There’s a statistic often quoted that if you get bad service, you’ll tell a whole load of people about it, to warn them not to use the company themselves.

The surveys come in somewhere between around 10-20 people for each bad customer experience.

For a great customer experience, only 2-3 people are told about it, so the story goes.  I think this is reasonably true, because we remember things that emotionally engage us and then talk about them.

As a small business coach, I have seen the impact many times of bad customer experiences.  I also pay a lot of attention to the service I get.  In the past 2 weeks, I have suffered poor service on a grand scale.  Let’s name and shame two of the culprits…

Do Vodafone Really Care?

When a company gets as big as Vodafone, the passion and vision for delivering their service doesn’t always filter through to everyone in the business.

Take a look at the photo of the package that arrived this week.  That is what you get for spending £240 with them.  I ordered a SIM for my son’s phone – £20/month contract.

No instructions, no “welcome to Vodafone” card or booklet, nothing but a scrumpled goods delivery note stuffed into an express delivery envelope.  Absolutely diabolical first impression.

Of course, if they asked for feedback themselves, I’d have gladly delivered it directly to them and kept it to myself until they responded.  And that’s one of the secrets of great customer service – ask your clients how you’re doing.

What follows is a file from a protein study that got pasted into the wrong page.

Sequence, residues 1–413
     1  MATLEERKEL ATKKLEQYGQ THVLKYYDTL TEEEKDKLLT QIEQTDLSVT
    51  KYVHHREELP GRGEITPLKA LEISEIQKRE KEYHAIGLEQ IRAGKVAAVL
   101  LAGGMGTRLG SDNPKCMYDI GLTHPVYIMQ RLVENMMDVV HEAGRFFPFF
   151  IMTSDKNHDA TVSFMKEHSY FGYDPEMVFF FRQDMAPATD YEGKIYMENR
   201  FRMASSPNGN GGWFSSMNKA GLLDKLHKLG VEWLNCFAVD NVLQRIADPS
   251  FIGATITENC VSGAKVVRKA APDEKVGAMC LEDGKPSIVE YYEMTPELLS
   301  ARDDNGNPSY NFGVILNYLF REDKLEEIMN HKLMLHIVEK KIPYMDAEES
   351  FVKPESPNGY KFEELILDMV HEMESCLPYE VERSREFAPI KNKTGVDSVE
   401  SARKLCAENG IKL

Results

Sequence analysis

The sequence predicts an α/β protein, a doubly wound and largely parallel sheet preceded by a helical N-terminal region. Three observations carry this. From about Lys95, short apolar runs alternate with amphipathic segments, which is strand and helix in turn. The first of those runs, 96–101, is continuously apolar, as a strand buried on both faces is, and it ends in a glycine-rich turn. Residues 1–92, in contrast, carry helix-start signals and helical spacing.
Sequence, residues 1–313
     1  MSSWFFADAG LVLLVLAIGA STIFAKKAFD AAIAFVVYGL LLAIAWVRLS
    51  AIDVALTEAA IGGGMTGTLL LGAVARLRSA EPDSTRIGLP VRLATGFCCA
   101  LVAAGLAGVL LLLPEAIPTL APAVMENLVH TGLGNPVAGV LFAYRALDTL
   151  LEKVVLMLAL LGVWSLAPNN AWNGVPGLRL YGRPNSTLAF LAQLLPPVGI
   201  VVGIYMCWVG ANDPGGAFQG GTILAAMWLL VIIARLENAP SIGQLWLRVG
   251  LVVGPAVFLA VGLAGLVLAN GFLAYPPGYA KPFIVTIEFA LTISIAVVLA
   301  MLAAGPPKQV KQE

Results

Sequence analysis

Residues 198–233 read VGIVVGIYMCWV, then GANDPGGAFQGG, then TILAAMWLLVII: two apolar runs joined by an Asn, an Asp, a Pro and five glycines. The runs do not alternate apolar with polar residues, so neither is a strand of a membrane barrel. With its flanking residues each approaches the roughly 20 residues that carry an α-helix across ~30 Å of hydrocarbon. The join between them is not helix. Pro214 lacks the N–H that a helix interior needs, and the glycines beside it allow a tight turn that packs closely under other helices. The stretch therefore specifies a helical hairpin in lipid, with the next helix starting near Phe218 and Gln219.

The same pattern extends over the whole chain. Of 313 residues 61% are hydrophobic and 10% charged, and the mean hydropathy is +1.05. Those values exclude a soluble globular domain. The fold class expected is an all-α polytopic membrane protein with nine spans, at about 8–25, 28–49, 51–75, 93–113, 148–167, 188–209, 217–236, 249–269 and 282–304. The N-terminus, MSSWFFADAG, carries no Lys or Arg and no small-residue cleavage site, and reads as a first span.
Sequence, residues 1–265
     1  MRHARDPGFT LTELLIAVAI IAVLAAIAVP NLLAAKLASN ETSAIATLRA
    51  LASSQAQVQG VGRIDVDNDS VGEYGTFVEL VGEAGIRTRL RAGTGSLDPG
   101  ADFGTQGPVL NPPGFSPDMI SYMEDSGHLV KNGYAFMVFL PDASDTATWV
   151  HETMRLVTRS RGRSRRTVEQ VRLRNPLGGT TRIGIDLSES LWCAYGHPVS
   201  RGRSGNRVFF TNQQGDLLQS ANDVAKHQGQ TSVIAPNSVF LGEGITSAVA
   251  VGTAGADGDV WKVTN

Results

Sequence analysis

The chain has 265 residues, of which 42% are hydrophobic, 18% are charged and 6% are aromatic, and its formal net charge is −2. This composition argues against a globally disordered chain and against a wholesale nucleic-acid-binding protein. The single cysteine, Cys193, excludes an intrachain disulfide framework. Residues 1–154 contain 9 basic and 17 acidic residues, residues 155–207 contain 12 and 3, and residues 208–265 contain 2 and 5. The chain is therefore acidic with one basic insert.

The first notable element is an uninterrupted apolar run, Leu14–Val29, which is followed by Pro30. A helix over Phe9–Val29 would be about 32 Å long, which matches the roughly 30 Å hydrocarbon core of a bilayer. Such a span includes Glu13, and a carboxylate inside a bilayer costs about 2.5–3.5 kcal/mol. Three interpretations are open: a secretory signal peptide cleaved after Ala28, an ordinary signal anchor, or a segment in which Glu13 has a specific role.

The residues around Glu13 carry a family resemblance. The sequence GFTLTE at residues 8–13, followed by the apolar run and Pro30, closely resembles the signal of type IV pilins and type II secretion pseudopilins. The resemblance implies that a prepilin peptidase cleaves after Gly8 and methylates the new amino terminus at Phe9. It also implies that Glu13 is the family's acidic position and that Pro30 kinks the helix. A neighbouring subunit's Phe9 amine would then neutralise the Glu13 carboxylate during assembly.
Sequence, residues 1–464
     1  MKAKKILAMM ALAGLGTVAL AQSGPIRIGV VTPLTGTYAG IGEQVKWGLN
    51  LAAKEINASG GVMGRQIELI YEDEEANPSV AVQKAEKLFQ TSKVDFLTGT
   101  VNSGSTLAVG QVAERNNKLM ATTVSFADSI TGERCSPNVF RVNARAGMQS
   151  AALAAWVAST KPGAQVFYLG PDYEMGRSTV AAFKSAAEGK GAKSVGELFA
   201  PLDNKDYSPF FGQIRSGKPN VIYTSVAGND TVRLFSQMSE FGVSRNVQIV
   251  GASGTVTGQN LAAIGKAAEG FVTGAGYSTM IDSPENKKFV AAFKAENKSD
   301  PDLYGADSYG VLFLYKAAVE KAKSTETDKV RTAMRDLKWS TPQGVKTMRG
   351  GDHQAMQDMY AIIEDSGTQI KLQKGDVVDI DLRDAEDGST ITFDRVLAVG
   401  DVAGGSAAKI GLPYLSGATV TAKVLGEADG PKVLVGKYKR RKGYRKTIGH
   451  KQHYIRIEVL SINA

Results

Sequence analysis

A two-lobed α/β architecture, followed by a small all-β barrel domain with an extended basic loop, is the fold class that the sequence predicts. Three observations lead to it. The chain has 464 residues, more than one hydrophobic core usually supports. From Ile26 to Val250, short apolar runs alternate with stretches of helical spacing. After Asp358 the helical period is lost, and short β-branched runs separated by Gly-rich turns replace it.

Instead of this, I have enjoyed telling a lot more than 11 people.

And As For VistaPrint…

I bought some new business cards – I was going to an event where business coaching just might be in demand – I wanted full colour and in a hurry – so I got them from VistaPrint.  Their online system for ordering is truly brilliant and I got them within 2 working days of designing them myself, online, and ordering.  Brilliant, what stunningly fast service

Then I opened the box and found my cards printed on cheap, poorly finished thin card, reminding me of the sugar paper my little girl likes to paint and draw on.

I ordered the best quality they have on their site.  They arrived and the card is just too thin.  Unimpressed, I used their customer service contact form and got an autoreply, “we’ll be in touch with you within 48 hours, we really care” kind of thing.

That was two weeks ago and I have heard nothing since.  Nothing, that is, apart from an email every day trying to get me to spend more with them.

I’ve unsubscribed from their email list and will never use their services again.  I’ll also advise anybody I know to go elsewhere.

Pity, because they have a great idea that’s spoilt for the sake of probably £1 extra worth of card quality.  I’d have gladly paid the extra for the quality.

I have spoken to several people who think VistaPrint business cards are cheap and cheesy.  Their reputation will be created based on this impression.  It’s such a shame because they do so many things right.

How To Give Great Customer Service

You need to have business systems in place to control all of the regular touch-points that you have with clients.  Every time a client interaction takes place, it’s the place that stories are made. 

Would you prefer to have 3 people told great stories about you, or 11 people hearing bad news?

What would it have taken for VistaPrint to reply to my note and apologise, explaining why they don’t use decent card.  Or even better, to send me some cards on better stock and say “Thanks! – we didn’t realise – they’re on the house for helping us improve!”.

Vodafone really need a welcome pack for SIM only customers.  I thought that SIM only advertising meant the product, not the whole service too!

Ah well, at least it’s been therapeutic for your coach to write this blog!

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